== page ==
Archive for ‘Nature Notes’

Common Buckeye


The Common Buckeye Butterfly (Junonia coenia) is aptly named. Not only do the large eyespots look like deer eyes but it is very a common resident in the southeastern U.S. They are regularly found in urban areas, thriving in parks and weedy lots. As spring warms, some of the young butterflies will make their way north, spreading as far as Canada. Like many retirees, at the first hint of winter weather they will head south. The worn adult above could have been a local butterfly or a migrant. Or, to use the local term for a snowbird, a Winter Texan.



Spring is here, according to the flowers that are popping up. The Texas Bluebonnet (Lupinus texensis) is, quite fittingly, the state flower. I remember reading about bluebonnets as a child and yearning to see them. I think the name added a certain allure.

I was rather disappointed when I later discovered that they were just lupines (which we have several species of in my childhood state of Arizona). Not to detract from their appeal, they are still lovely splashes of color.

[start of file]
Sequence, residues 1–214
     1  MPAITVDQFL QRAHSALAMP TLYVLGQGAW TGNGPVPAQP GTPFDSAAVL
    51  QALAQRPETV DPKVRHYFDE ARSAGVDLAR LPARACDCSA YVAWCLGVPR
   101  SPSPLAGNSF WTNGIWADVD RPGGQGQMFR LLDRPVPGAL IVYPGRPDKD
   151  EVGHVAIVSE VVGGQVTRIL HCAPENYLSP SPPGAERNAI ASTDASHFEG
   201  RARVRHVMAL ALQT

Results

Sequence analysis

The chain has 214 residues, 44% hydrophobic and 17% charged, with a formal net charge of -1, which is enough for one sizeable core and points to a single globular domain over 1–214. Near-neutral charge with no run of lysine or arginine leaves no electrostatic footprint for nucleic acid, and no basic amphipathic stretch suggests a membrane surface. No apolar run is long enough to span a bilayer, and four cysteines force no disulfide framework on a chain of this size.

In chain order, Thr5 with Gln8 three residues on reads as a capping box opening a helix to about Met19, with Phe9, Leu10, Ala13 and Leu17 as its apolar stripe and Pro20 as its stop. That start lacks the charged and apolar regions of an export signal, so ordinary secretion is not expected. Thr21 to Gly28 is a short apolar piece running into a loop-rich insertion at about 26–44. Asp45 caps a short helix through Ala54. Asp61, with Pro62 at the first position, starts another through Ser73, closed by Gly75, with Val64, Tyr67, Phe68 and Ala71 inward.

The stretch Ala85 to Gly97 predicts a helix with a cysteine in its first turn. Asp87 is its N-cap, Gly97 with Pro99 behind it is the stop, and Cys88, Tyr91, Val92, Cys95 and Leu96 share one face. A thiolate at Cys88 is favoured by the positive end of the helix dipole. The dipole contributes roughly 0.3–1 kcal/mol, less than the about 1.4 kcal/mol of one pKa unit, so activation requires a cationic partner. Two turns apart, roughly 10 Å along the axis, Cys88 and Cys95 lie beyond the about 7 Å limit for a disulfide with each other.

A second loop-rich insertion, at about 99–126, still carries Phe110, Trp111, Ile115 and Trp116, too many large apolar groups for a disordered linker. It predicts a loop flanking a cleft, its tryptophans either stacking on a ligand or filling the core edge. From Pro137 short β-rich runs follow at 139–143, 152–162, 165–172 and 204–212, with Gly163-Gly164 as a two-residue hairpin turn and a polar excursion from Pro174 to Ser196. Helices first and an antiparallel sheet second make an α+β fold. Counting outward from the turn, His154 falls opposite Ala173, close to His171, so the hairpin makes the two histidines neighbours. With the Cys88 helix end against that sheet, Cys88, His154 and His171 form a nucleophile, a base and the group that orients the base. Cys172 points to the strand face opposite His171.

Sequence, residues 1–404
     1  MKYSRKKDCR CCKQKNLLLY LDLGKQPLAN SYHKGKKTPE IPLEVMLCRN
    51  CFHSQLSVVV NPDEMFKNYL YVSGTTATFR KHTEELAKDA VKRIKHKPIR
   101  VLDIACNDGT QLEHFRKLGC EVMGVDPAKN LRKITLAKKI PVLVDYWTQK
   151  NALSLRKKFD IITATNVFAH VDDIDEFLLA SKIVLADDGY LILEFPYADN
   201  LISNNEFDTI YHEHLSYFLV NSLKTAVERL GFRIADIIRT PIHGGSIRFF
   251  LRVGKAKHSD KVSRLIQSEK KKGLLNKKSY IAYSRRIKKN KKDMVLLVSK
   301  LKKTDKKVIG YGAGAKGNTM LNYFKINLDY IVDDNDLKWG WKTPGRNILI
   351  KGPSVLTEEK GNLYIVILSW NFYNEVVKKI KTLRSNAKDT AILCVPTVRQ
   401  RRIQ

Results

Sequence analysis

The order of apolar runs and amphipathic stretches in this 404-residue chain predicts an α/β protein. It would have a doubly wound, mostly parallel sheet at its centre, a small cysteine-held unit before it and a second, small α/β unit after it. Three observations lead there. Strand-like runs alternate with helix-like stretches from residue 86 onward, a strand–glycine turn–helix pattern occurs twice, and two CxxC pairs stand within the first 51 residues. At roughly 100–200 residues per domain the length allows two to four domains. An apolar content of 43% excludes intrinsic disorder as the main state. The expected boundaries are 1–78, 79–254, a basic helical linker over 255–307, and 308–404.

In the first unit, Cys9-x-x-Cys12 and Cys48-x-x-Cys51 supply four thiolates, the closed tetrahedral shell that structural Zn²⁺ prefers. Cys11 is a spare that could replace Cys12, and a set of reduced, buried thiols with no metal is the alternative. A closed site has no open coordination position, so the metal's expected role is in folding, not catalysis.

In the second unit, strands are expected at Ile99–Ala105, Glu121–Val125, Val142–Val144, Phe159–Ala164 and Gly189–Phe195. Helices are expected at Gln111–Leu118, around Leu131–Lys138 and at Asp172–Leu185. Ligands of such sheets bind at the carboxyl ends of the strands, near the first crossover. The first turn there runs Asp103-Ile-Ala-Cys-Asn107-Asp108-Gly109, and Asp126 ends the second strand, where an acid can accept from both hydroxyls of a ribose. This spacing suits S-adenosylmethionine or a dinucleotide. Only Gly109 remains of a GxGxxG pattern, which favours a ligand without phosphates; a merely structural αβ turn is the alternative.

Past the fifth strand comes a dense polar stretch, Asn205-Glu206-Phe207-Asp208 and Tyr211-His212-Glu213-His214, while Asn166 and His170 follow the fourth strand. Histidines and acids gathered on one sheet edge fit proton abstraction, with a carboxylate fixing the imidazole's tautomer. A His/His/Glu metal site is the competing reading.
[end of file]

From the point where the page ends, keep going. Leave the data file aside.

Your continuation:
Nesting Season

The city of Rockport bought this valuable piece of real estate in 2016 to protect a heron-egret-roseate spoonbill rookery (breeding colony). The property’s prime waterfront location, looking out over Little Bay, meant the roughly 9-acre site cost a pretty penny, just shy of $3 million. For the birds who rely on the safety of this oak motte to raise their young, it is priceless. The site is especially crucial after 2017’s Hurricane Harvey destroyed many other nearby nesting locations.

Bent Oak Rookery is bustling right now as the large birds are busily constructing and caring for nests. Finding just the right stick is a very serious matter.

Sunny Star


I’ll go out on a bit of limb here and identify this as Cucumberleaf Sunflower (Helianthus cucumerifolius). It is no mean feat to pinpoint the species since sunflowers are in Asteraceae*, the largest botanical family with a mere 32,000+ members. I feel moderately confident in my choice since it is commonly found here, tolerates sandy soil, and blooms this time of year. Beautiful, no matter the name.

*Asteraceae- from ancient Greek meaning star, referring to the rays of the flowers.